Vienna’s architectural displays represent a wide array of time periods and styles. The popular Art Deco style, or Jugendstil, impresses visitors with its bold design and façade. This walking tour will introduce you to some of Vienna’s modern buildings of the 20th century.

Tour Duration: 3 hour(s)
Travel Distance: 5.3 km
Hofburg Sights Walking Tour

Hofburg Sights Walking Tour

The Hofburg area has been the seat of Austrian government since 1279 for a sequence of empires and republics. Throughout centuries, it has been expanded to include various institutions, such as The Imperial Chapel, The Naturhistorisches Museum and Kunsthistorisches Museum, The Austrian National Library and more. The area is also home to the former imperial palace, which now forms part of the...  view more

Tour Duration: 2 hour(s)
Travel Distance: 2.4 km
Old Town Center Walking Tour

Old Town Center Walking Tour

The Innere Stadt, first district of Vienna, is part of the World Heritage Site Historic Centre of the city. Originally the inner city was divided into four quarters, which were designated after important town gates. Take this tour to explore the beautiful landmarks, famous museums and specialty shops in the Central area of the Innere Stadt.

Tour Duration: 2 hour(s)
Travel Distance: 2.2 km
Old Town East Walking Tour

Old Town East Walking Tour

The Innere Stadt, first district of Vienna, is part of the World Heritage Site Historic Centre of the city. Originally the inner city was divided into four quarters, which were designated after important town gates. Take this tour to explore the beautiful landmarks, art galleries and shops in the East area of the Innere Stadt.

Tour Duration: 2 hour(s)
Travel Distance: 2.2 km
Museums in Vienna's North

Museums in Vienna's North

Everyone would agree that Vienna is home to a vast range of world-renowned museums. Their impressive works of art, interesting exhibitions and unique collections captivate visitors. Taking this walking tour, you will become familiar with Vienna’s most famous museums located in the Northern Districts of the city.

Tour Duration: 3 hour(s)
Travel Distance: 6.1 km
Old Town Churches Walking Tour

Old Town Churches Walking Tour

Sacred buildings in Vienna impress visitors with their historic architecture and magnificent interiors. The remarkable Gothic Stephansdom, charming Baroque St Peter’s church, and other sacred buildings of Vienna provide not only a history of the city, but a refreshing look at truly beautiful architecture, as you will see in this tour.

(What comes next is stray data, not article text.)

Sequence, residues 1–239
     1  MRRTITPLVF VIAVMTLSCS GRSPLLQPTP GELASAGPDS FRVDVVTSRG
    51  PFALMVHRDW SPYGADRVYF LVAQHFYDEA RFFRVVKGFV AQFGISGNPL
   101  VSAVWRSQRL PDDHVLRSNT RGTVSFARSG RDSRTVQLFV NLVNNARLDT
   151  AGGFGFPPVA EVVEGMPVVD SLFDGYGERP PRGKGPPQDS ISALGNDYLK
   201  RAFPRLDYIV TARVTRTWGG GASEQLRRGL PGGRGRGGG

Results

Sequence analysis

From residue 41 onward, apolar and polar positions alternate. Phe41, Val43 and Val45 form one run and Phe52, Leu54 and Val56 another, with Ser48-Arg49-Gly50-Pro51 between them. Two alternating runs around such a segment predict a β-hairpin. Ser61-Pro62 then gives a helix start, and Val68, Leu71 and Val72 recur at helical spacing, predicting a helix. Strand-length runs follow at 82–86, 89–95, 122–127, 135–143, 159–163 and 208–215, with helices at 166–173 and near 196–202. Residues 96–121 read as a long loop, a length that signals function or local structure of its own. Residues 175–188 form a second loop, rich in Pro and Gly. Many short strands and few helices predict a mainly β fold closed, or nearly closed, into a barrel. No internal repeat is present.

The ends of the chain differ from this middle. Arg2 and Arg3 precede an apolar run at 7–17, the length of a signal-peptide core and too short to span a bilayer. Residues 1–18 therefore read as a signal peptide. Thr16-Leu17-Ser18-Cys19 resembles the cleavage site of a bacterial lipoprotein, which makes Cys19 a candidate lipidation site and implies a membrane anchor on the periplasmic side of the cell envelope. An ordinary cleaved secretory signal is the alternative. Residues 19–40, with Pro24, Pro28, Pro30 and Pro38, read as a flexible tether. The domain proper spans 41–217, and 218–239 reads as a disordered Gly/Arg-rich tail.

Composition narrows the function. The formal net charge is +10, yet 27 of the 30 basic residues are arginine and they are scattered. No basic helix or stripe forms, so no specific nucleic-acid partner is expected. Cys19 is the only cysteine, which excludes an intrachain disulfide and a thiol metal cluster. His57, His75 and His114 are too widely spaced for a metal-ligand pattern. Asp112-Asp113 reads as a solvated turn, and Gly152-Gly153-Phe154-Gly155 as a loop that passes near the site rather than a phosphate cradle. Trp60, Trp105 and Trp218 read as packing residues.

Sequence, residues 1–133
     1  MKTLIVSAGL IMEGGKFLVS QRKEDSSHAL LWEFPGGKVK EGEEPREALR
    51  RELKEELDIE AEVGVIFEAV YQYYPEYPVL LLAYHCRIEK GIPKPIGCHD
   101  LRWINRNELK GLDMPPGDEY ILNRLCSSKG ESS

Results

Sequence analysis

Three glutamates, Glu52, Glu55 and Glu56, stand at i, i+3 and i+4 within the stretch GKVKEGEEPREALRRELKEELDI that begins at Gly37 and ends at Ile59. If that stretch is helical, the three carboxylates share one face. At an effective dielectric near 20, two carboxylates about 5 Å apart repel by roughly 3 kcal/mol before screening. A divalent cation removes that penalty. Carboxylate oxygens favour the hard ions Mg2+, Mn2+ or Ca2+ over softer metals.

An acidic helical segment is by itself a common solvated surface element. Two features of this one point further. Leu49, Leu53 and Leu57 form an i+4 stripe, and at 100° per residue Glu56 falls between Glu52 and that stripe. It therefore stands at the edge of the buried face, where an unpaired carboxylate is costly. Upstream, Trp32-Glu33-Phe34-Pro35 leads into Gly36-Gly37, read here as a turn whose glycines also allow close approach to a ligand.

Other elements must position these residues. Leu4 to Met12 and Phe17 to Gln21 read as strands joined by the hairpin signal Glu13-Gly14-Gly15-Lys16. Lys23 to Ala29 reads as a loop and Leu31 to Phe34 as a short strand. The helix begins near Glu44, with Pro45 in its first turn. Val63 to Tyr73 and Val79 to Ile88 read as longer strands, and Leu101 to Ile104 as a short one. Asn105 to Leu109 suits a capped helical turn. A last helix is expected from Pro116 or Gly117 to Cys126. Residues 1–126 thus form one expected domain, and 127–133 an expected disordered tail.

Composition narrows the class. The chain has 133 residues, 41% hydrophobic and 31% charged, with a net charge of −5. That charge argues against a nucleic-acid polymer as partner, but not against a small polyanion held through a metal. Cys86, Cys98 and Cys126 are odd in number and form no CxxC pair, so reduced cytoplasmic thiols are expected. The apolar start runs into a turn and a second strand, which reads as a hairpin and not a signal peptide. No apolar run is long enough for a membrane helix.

Tour Duration: 3 hour(s)
Travel Distance: 4.6 km

Useful Travel Guides for Planning Your Trip


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Tips for Exploring City on Foot at Your Own Pace

Whether you are in Vienna for a quick stopover or have a few days to see the city in more detail, exploring it on foot, at your own pace, is definitely the way to go. Here are some tips for you to save money, see the best Vienna has to offer, take good care of your feet while walking, and keep your mobile device – your ultimate "work horse" on this trip - well fed and safe.

Saving Money with City Passes


To save yourself time and money visiting Vienna's multiple sights, you may want to resort to the so-called city passes, such as the Vienna PASS, Vienna City Card, or Vienna Card. A city pass combines all or multiple Vienna's top highlights, tours and experiences in one prepaid attractions pass, using which you can save incredible amounts on general admission fees as compared to purchasing tickets separately. Often, a city pass also allows you to skip the lines at major attractions, thus saving you precious time.

Staying at Walk-Friendly Hotels


Since you're keen on exploring cities on foot (we assume that you are, and this is why you're here), it is important that you stay at a hotel close to the city's major attractions. It saves you time and energy. Here are a few of Vienna hotels conveniently located for a comfortable stroll: Hotel Kaiserin Elisabeth, Hotel Royal, DO&CO Hotel Vienna.

Taking Care of Your Feet